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Hungry bellies need filling in Yuba-Sutter schools
Sometimes at breakfast or lunch, Principal Rob Gregor spots a student stuffing food into his or her pockets.
At Ella Elementary School, where more than 90 percent of students qualify for free or reduced meals, he knows the behavior is likely driven by bare cupboards at home or knowledge that no dinner will be on the table later. The number of hungry bellies has only increased in recent years, he said, as the economy worsened family hardships.
Many school districts are reporting a rise in student eligibility for free and reduced-price meals, but not everyone takes advantage of the meal offerings. Some families still cannot afford reduced meal prices of 30 cents for breakfast and 40 cents for lunch, and either incur debt until they are cut off or send their children to school with orders not to participate.
"We do have children who incur costs that really can't afford them, and they quit coming in and getting the food that they need," Gregor said.
Staff at the Olivehurst school keep an eye out for kids who don't eat lunch and offer a meal regardless of ability to pay. Then, they do what they can to see if a family has a hardship or find another way to approve the student for meals, even if it means going to their home with a form to sign.
The Marysville Joint Unified School District has always been high poverty, and that's only increased with the economic downturn, said Mary Driscoll, director of nutrition services.
Schools counter the challenge by providing as much nutrition as possible through breakfast, lunch, and often midday and afterschool snacks, often regardless of ability to pay.
"If you're hungry, you can't learn," she said. "It's imperative we feed as many of these kids as we can."
Economy increases eligibility
In Marysville Joint Unified, 79 percent of students qualify for free or reduced-price meals, up 5 percent in the last four years. Driscoll credits the change in part to families' shrinking incomes but also to an expansion in eligibility qualifiers.
"The government has stepped up and done some things to help," Driscoll said.
The government now requires the district to check student eligibility with county or state aid databases several times a year to catch new eligibility, ensures eligibility continues through the year regardless of a change in status, and added categories for automatic eligibility, such as homeless or migrant school children.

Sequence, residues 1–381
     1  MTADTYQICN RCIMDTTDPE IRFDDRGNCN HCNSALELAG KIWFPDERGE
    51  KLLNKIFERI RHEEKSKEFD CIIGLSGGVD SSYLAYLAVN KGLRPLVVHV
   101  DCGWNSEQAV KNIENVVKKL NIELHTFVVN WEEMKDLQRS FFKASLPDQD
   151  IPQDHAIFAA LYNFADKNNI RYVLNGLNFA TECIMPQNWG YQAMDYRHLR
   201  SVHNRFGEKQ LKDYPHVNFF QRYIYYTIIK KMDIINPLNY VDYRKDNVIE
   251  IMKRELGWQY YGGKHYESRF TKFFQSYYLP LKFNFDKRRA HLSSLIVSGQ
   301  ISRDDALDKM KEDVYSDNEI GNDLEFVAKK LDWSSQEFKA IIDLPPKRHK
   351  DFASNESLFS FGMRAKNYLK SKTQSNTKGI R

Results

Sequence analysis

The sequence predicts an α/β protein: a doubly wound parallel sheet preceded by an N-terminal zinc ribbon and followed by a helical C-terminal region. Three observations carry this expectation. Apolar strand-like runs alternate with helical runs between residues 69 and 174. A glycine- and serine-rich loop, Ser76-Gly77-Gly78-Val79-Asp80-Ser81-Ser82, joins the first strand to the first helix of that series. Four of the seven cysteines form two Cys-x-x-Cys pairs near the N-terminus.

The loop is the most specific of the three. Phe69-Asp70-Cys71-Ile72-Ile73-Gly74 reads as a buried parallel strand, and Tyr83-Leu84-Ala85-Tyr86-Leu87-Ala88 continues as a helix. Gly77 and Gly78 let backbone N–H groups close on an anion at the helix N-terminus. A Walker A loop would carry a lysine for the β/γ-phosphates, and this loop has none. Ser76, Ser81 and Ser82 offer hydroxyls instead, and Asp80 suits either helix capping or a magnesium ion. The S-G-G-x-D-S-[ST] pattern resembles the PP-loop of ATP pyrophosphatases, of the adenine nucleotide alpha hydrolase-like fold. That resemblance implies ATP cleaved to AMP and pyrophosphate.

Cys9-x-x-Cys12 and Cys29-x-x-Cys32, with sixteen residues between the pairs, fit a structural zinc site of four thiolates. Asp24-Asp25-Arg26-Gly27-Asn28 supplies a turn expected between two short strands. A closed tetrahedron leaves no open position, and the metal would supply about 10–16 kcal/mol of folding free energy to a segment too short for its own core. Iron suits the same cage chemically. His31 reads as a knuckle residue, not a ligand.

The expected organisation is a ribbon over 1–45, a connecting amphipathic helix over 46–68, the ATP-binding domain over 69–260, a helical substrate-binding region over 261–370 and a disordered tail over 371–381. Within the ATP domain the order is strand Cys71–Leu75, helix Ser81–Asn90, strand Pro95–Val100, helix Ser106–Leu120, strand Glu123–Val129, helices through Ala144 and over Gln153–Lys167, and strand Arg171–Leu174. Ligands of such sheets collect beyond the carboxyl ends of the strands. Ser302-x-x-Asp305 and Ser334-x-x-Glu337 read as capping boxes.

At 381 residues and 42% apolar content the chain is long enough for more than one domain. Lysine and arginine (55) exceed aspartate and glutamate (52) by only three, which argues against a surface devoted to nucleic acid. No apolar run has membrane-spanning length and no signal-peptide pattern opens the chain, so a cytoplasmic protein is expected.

Free meal participation has always been high, but as reduced-price participation faltered, Driscoll thought of another way to ensure students could eat — eliminating the charge for reduced priced meals. Elk Grove Unified made a similar switch years ago, and reported the increase in participation and its associated federal reimbursement covered any income lost by not charging.
Schools that serve at least 60 percent free and reduced priced lunches are reimbursed $2.79 for each free lunch, $2.39 for each reduced-price lunch and 28 cents for each paid lunch. They are reimbursed $1.80 for free breakfast, $1.50 for reduced-price breakfast and 27 cents for paid breakfast.
Marysville Joint Unified will need at least a 17 percent increase in participation to break even, but board members liked the idea and will no longer charge for reduced-price meals starting July 1. A 25-cent increase for paid meals will take effect at the same time, as mandated by the federal government.
Gregor was thrilled to hear about the change.
"A lot of time you feel you are asking somebody to pay something when you know they don't have the wherewithal to pay for it," he said.
In Yuba City Unified, the percentage of students eligible for free and reduced meals has gone up nearly 9 percent, to about 65 percent. The district charges the 30 cents or 40 cents for reduced-price meals, but most families who qualify participate, said Mary Delong, director of student nutrition.
"My opinion is if they don't have the money to feed them at home, they are going to send them to school so they can count on that first nutritious meal," Delong said. "There's comfort in knowing they are going to get a square meal, that fresh fruit and vegetables are provided."
Learning, diet linked
For breakfast on any given day, students may be offered French toast, oatmeal or omelets, and at lunch, hamburgers, tacos and spaghetti are menu favorites, along with salad bars. A few schools also offer fresh fruit and vegetable snacks with the help of grants.
"We have many children that look forward to breakfast and lunch because there are some that may not get anything else for the day," said Angela Huerta, principal at April Lane Elementary in Yuba City, where 86 percent of students qualify for free or reduced meals.
She also knows that for some students, their school meals may be the only access to healthy food and fresh fruits and vegetables and uses it as a learning opportunity.
"When I'm in the cafeteria, I talk to the kids about the healthy options on their plate — 'You have this fruit, this vegetable,'" Huerta said. "They all know if there is anything sugar on their plate, that's what we eat last."
She also does her best to encourage eating not-so-popular foods.
"I tell the kids, if you eat all your green beans, you will have superpowers this afternoon when you are learning," she said.
Educators in both districts agree no student should go hungry, no matter what it takes. It's proven that students who eat nutritious meals are more attentive, better behaved and perform better.
"We don't allow anybody to go hungry here," Huerta said. "Research shows that good nutrition impacts learning, so we want them to eat."
CONTACT Ashley Gebb at email@example.com or 749-4783. Find her on Facebook at /ADagebb or on Twitter at @ADagebb.